Conventional systems were limited in their ability to return data out of order due to their lack of a technique for tracking the data returned. Retaining the CPU-ID identifying tag with the data request greatly increased the numbers of bits transmitted for each request. Such overhead costs were prohibitive. Without the ability to track the data being returned, the conventional cache control unit would not know which data correspond to which request.
According to one embodiment of the invention, a sequence of CPU requests for data not previously found in cache memory, is stored in a request queue. Each CPU request includes a CPU-ID tag identifying the CPU issuing the request for data and an address identifying a location in lower-level memory where the data is stored. Cache-control ID tags are then assigned to identify the locations in the request queue of the respective CPU-ID tags associated with each CPU request.
Cache-control requests consisting of the cache-control ID tags and the respective address information are then sent from the request queue to the lower-level memory or storage devices. For example, the cache-control requests can be sent by a cache control processor to a memory control unit for transmittal to various storage devices.
Data is then returned along with the corresponding CCU-ID tags in the order in which it is returned by the storage devices. A cache control processor then retrieves the associated CPU-ID tags identified by the CCU-ID tags. The sequence of CPU requests for data is fulfilled by returning the data and CPU-ID tag in the order in which the data is returned.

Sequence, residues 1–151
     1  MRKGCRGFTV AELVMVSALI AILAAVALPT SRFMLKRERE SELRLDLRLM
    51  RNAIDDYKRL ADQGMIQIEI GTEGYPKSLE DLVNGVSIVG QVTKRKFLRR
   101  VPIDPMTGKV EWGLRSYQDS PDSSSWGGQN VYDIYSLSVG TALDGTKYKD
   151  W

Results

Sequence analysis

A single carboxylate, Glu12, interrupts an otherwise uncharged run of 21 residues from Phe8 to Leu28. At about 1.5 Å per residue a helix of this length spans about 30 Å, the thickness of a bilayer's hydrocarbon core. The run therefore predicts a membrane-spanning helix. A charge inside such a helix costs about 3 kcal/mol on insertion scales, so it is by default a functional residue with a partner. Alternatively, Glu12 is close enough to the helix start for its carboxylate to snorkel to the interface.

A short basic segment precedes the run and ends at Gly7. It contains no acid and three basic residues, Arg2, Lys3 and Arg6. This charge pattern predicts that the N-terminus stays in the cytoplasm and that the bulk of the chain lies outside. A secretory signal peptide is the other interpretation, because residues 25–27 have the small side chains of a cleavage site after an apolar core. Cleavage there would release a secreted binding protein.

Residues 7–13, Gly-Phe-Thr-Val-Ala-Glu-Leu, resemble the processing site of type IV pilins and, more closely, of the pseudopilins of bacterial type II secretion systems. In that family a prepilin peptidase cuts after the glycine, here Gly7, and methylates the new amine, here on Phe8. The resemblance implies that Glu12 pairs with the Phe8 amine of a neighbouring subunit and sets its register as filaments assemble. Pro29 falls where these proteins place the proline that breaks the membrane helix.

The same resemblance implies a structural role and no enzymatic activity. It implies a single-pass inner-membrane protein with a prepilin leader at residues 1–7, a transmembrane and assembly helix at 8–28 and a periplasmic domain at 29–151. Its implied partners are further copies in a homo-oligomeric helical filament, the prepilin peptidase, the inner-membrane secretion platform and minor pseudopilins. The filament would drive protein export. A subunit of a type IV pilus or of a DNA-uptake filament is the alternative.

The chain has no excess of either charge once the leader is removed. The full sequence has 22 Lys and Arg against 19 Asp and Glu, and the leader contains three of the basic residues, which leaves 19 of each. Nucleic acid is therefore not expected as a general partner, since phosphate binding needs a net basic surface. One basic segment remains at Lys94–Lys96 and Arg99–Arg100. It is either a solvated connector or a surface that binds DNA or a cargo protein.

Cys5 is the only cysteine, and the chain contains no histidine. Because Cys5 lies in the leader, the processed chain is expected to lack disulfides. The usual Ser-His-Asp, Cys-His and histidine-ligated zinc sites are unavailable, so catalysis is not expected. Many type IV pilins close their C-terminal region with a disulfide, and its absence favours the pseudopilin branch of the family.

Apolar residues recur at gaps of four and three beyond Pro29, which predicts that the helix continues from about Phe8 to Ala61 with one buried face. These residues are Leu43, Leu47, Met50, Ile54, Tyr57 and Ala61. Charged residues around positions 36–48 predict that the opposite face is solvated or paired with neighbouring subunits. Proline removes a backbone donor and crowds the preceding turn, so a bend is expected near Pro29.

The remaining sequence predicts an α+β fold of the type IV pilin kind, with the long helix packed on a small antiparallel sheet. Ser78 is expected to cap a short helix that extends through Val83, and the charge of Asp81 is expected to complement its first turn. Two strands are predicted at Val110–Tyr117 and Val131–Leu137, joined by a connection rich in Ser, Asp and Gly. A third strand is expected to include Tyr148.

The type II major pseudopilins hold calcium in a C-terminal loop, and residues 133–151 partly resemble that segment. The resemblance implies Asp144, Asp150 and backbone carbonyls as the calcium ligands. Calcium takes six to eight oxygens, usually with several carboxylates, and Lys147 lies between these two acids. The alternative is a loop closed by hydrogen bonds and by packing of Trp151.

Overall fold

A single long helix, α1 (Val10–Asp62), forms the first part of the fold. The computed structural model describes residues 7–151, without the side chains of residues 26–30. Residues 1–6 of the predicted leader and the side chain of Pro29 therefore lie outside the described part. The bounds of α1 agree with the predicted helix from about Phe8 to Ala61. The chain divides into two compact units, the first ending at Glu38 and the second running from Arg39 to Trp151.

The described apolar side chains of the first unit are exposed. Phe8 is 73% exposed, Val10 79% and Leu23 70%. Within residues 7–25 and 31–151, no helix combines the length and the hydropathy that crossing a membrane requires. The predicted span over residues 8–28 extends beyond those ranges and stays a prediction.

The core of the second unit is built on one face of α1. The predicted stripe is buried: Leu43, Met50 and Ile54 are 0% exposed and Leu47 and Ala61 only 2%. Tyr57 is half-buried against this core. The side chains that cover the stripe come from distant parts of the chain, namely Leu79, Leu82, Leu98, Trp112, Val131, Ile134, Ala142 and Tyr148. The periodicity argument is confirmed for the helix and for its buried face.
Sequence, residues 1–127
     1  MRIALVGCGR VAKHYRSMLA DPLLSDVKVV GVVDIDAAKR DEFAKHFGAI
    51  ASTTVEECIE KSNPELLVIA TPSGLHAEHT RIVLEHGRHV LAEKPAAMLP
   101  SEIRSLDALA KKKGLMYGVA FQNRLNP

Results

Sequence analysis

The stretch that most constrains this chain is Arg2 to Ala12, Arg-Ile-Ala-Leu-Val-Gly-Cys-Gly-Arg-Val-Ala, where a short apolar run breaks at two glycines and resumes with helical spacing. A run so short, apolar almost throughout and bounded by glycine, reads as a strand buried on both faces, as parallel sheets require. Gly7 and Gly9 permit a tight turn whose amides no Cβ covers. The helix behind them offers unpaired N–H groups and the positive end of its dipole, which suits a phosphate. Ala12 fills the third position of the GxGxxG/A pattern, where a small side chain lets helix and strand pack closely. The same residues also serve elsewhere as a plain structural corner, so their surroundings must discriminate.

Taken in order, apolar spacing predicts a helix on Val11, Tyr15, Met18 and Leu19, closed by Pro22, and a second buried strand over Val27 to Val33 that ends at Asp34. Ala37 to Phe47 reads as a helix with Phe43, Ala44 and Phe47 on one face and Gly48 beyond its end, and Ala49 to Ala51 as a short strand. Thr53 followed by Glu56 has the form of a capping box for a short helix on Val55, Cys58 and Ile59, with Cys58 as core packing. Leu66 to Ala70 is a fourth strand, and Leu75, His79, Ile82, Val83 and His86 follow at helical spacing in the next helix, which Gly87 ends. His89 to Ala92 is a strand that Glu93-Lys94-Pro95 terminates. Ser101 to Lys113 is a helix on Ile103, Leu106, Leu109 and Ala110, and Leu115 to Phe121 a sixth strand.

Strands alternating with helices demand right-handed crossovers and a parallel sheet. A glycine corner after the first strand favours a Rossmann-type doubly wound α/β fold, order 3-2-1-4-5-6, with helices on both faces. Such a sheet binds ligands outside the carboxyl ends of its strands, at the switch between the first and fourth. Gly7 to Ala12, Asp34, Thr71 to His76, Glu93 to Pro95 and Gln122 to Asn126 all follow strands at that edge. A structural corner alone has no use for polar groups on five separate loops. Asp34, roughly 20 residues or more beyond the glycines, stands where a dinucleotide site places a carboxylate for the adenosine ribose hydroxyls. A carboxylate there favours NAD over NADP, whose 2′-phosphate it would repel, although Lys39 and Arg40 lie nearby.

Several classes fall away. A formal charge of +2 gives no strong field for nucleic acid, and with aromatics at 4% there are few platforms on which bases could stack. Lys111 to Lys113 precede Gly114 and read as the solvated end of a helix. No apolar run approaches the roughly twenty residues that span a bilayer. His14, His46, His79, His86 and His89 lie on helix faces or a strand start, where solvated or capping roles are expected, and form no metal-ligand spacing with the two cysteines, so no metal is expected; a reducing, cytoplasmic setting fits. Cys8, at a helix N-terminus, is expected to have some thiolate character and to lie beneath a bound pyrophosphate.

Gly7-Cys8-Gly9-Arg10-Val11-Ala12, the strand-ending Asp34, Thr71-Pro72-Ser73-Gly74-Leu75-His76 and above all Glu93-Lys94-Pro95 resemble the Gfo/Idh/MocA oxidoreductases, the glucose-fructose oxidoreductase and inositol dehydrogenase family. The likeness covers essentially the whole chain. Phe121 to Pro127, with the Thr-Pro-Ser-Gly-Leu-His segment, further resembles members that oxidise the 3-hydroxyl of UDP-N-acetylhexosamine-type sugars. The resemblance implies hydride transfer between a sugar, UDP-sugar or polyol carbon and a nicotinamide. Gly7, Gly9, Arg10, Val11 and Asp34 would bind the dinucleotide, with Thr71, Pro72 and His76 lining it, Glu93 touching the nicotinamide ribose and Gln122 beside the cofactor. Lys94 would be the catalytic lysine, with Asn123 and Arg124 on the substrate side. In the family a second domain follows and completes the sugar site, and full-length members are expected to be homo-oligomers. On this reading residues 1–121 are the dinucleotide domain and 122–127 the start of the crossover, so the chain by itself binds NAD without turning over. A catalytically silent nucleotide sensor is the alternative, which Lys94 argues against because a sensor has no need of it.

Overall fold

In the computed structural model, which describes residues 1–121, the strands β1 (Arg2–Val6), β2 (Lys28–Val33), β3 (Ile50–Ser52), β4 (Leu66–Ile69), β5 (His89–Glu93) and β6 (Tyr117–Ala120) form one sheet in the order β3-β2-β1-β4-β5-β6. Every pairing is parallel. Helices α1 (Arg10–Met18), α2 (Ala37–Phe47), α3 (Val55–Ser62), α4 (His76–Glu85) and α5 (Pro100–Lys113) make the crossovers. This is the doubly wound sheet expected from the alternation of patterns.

According to a further feature of the present invention, the cache control processing maintains Hit on Request (HTR) information to service multiple requests for the different long words in a single returned subblock.
In another embodiment of the present invention, cache hits for multiple requests are determined by checking sets of Tag RAMs simultaneously in each cache. Multiple instructions can be then be issued in response to cache hits.
The cache control processing of the present invention can be implemented using numerous different architectures in a number of different environments. For ease of description, the cache control unit will be described in terms of an example architecture implemented in an example environment. Based on the above and following description, it will become apparent to a person skilled in the relevant art how to implement the cache control unit using different architectures in this or alternative environments.
Further features and advantages of the present invention, as well as the structure and operation of various embodiments of the present invention, are described in detail below with reference to the accompanying drawings.
FIG. 1 is a block diagram of a cache control system for processing requests for data according to the present invention.
FIG. 2 is a block diagram showing an example of an instruction cache and data cache in a cache control unit according to the present invention.
FIG. 3 is schematic diagram of a cache and cache control processor according to a first embodiment of the present invention.
FIG. 4 is a high-level operational flow diagram showing a cache hit/miss and data return according to the present invention.
FIG. 5 is a diagram showing an example of a data request address as used in the present invention.
FIG. 6 is a flow diagram showing a routine for processing CPU requests in a cache controller processor according to the present invention.
FIG. 7 is a flow diagram showing a HTR subroutine for servicing multiple requests made for data in the same subblock according to the present invention.
FIG. 8 is a flow diagram showing a subroutine for processing selected CPU requests further to accommodate out-of-order data return and multiple requests according to the present invention.